Talk about out of the loop.
Rockwell International Corp. halted investments in the In-Flight Networks joint venture, but no one gave contractor Datron Systems Inc. a heads up. The developer and builder of antenna systems for the project heard the news when it was released yesterday.
And as of this morning, Vista, Calif.-based Datron had not heard anything about shutting down production on the nine systems, which bring transmissions from a stationary satellite into moving aircraft. The contract is well past half done, said Datron Chair, President and CEO David Derby.
"We're not the most urgent problem they have," he said, adding that his company isn't so arrogant as to believe it's instrumental in the decision.
Still, despite regular talks, Datron found out the day the news broke, he said.
Datron had a patented antenna system dating back to similar work it did for Delta Airlines. Delta decided not to use it at the time because of prohibitive costs. Rockwell's system built on that technology and is specific to Rockwell.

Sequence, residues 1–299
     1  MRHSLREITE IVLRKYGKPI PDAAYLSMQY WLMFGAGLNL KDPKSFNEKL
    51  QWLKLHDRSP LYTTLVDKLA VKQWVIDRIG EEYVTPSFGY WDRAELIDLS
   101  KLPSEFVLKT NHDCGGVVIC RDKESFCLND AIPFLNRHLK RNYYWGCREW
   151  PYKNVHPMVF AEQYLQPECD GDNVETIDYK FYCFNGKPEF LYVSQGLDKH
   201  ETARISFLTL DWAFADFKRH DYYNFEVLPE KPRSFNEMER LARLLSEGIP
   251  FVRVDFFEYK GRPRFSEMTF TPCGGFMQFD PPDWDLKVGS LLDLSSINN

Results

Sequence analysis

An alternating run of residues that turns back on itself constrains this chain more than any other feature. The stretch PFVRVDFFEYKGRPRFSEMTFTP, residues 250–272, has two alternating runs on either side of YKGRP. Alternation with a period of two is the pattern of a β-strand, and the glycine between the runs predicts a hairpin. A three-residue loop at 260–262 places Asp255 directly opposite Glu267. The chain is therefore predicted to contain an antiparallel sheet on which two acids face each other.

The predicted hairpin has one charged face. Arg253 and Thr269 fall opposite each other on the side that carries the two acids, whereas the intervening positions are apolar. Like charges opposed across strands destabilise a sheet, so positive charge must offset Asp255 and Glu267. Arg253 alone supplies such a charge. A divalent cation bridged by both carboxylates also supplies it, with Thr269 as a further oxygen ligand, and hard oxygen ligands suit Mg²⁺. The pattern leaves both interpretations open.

Rockwell spinoff Rockwell Collins, in a joint venture with Rupert Murdoch's News Corp., had already invested about $35 million in the technology to bring TV, movies, Internet and e-mail access to airline passengers. But there were no takers among the airlines.
The Milwaukee-based Rockwell yesterday said it would "cease further investments in the In-Flight Network joint venture due to slower-than-anticipated market development," and it would take a nonrecurring, after-tax charge of about $16 million in FY2001's second quarter for inventory writeoffs.
Details of the more than $3 million contract with Datron may not be worked out for several weeks, Derby noted, although the contract ensures Datron will be paid for the work. Stopping won't affect operating results, and long-term, will look like a market shakeout, he said.
Rockwell will decide the fate of its antenna systems. Until Datron hears otherwise, it's business as usual, Derby said.